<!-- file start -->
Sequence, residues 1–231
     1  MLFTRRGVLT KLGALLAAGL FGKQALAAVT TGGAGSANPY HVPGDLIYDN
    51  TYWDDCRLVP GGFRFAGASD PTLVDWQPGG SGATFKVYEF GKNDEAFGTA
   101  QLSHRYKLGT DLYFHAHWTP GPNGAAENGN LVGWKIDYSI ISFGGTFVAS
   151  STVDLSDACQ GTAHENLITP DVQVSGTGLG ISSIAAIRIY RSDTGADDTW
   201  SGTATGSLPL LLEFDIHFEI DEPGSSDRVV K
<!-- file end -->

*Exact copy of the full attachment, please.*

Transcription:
Sequence, residues 1–231
     1  MLFTRRGVLT KLGALLAAGL FGKQALAAVT TGGAGSANPY HVPGDLIYDN
    51  TYWDDCRLVP GGFRFAGASD PTLVDWQPGG SGATFKVYEF GKNDEAFGTA
   101  QLSHRYKLGT DLYFHAHWTP GPNGAAENGN LVGWKIDYSI ISFGGTFVAS
   151  STVDLSDACQ GTAHENLITP DVQVSGTGLG ISSIAAIRIY RSDTGADDTW
   201  SGTATGSLPL LLEFDIHFEI DEPGSSDRVV K